Alice Cobb is the British National Junior Hill Climb Champion and rides for Squadra Donne. Alice, despite being relatively new to cycling, has already made something of a name for herself as a naturally talented climber – there’s a very good chance you’ll see her riding with the world’s best on the mountains of the Giro Rosa in a few years’ time.
She is also the author of Saddled With Prejudice, which you can read here.
When and how did you first get into cycling?
I was previously a competitive runner; however, as I had bad knee injuries I took up cycling as a form a cross training. Out on a ride one day I stumbled across the Nottingham Clarion club run and it just escalated from there…
I have now been riding my bike for 2 years and began racing and training 18 months ago. Everything got pretty serious pretty quickly and with 2 nationals titles in that time I have become even more inspired and dedicate to seeing how far I can go.
What do you love most about the sport?
It’s fair to say that I caught the ‘cycling bug’ very quickly and I think that’s down to the great camaraderie there is between cyclists. Everyone in the cycling community is friendly and always willing to help you progress further. The history and tales of cycling paint a somewhat magical picture of the sport and also provide so much inspiration for a young rider like myself.
Although my absolute favourite aspect of cycling has to be racing. That buzz you get from road racing; the competitive element mixed with the mental concentration and all that adrenaline – it’s an unbeatable combination!
What was the highlight of your 2013, and what are your goals for 2014?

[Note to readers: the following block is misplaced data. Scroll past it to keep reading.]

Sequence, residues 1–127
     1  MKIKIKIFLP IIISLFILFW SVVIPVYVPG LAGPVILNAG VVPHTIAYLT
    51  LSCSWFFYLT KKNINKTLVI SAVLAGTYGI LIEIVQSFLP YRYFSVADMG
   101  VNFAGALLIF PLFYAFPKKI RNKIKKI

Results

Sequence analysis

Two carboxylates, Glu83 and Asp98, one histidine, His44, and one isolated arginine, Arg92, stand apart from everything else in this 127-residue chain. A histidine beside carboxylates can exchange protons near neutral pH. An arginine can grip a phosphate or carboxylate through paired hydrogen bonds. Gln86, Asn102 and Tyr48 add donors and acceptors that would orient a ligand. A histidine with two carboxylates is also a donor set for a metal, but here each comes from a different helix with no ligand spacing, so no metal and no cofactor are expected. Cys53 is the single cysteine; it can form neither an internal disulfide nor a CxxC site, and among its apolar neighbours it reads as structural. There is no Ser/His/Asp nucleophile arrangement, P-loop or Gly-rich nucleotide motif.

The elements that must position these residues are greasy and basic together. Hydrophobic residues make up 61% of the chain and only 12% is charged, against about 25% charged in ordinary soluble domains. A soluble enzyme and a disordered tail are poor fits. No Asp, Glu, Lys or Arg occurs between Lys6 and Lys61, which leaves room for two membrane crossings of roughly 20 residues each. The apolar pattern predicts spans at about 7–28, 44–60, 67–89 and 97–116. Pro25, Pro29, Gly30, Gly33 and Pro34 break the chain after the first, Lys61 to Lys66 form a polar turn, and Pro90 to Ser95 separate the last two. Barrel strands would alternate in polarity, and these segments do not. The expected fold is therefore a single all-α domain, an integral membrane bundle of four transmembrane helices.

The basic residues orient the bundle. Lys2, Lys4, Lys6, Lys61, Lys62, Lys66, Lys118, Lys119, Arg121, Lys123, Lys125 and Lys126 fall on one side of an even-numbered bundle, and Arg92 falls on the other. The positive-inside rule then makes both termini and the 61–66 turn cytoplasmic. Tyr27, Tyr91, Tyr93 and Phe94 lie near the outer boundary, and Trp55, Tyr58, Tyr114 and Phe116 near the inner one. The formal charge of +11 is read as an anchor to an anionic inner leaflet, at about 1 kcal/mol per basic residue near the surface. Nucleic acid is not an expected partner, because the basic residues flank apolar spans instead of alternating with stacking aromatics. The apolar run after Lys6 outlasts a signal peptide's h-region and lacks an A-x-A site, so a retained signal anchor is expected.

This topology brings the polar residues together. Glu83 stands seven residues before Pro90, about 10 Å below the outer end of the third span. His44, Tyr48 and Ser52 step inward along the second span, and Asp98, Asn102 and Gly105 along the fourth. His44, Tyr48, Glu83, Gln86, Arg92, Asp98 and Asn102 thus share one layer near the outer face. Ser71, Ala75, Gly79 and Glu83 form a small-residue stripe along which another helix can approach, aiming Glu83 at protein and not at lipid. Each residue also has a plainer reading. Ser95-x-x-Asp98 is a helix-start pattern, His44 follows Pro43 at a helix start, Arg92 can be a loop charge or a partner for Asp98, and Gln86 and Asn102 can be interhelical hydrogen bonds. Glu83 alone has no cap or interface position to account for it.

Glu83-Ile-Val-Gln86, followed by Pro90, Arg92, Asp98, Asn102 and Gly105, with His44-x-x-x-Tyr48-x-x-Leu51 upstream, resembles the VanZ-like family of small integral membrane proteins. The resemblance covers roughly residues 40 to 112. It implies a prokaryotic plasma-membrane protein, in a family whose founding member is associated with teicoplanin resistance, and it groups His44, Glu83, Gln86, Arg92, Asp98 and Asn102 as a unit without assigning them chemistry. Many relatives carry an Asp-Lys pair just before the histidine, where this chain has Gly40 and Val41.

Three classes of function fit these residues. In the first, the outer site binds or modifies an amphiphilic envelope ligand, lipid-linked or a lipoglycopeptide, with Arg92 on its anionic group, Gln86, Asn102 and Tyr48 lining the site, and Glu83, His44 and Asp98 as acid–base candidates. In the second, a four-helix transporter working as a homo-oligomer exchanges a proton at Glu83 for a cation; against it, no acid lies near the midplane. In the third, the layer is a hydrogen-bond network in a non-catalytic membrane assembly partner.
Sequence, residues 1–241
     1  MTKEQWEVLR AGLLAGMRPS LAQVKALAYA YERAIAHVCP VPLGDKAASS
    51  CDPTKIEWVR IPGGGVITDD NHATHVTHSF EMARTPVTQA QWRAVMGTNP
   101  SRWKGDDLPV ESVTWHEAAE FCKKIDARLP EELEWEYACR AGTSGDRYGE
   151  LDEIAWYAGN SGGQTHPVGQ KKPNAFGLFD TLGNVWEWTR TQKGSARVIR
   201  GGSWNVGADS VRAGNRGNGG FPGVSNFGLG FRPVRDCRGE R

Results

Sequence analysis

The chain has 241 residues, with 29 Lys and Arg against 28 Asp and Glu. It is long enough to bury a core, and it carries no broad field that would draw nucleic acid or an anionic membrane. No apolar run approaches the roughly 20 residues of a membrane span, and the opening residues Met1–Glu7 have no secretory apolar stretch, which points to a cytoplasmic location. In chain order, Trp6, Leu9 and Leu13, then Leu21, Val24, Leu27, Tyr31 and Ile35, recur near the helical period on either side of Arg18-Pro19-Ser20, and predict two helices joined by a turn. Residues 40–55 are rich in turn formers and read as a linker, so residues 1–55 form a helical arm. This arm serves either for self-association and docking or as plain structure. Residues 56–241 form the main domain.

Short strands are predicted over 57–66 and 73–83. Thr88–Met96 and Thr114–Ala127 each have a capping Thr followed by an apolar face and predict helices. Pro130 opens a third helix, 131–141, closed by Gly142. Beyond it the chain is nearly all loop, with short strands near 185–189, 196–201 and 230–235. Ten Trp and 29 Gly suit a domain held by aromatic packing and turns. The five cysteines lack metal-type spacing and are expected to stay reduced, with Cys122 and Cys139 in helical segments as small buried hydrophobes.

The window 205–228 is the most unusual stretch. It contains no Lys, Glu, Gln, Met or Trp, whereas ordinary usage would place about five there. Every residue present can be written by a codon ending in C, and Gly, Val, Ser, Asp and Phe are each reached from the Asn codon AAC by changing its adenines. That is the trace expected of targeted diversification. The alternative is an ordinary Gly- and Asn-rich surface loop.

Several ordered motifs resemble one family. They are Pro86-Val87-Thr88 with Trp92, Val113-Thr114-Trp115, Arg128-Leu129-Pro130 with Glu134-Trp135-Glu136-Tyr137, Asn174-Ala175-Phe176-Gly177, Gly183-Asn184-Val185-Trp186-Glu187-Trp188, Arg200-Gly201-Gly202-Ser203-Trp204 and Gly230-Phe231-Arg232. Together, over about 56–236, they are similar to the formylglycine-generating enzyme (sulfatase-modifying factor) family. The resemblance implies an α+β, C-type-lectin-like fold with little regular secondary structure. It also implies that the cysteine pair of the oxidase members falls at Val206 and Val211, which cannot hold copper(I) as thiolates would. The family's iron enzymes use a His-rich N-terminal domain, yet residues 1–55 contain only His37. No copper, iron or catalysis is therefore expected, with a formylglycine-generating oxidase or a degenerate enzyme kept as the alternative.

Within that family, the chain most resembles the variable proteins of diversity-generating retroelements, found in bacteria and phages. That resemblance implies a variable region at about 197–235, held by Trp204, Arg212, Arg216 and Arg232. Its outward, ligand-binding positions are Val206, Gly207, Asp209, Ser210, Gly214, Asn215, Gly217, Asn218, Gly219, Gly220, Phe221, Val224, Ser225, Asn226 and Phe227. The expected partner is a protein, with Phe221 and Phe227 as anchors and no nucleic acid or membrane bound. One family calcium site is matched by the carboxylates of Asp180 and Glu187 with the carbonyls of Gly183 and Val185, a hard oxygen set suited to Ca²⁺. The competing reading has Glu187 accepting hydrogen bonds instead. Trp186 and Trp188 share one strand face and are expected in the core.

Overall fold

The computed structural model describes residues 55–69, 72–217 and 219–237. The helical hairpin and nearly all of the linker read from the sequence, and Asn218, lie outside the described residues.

I approached 2013 with a slight feeling of trepidation as I really didn’t know what to expect from racing. After being caught from behind and crashing in my first ever race, a huge confidence boost came in the form of the CDNW race in Great Budworth a few weeks later. I managed to get in a successful early break away and ended up coming 2nd overall. It was a great experience and acted as a real motivator.
Another highlight has to be winning the Junior Hill Climb Champs just 4 weeks after returning to riding. (I broke my pelvis at the end of June and this ended my season aim of performing well in the Junior Road Champs).
My goals for 2014 are simply to keep learning and keep improving. I have my eye on performing well as an U23 at the Nationals as the hilly course should suit me and I am also looking to do well in the major TT championships. Although as long as I stay injury free and keep enjoying my racing I will be happy – well to a certain extent!
What does the future hold for women’s cycling? Are you optimistic or pessimistic?
I think the future of women’s cycling looks bright. There seems to be progress at every level and that can only be a good sign. People like Heather Bamforth and Huw Williams are encouraging grass root level participation, British Cycling are holding more challenging National Series races as well as providing better coverage and the recent news about La Course all suggests things are moving in the right direction.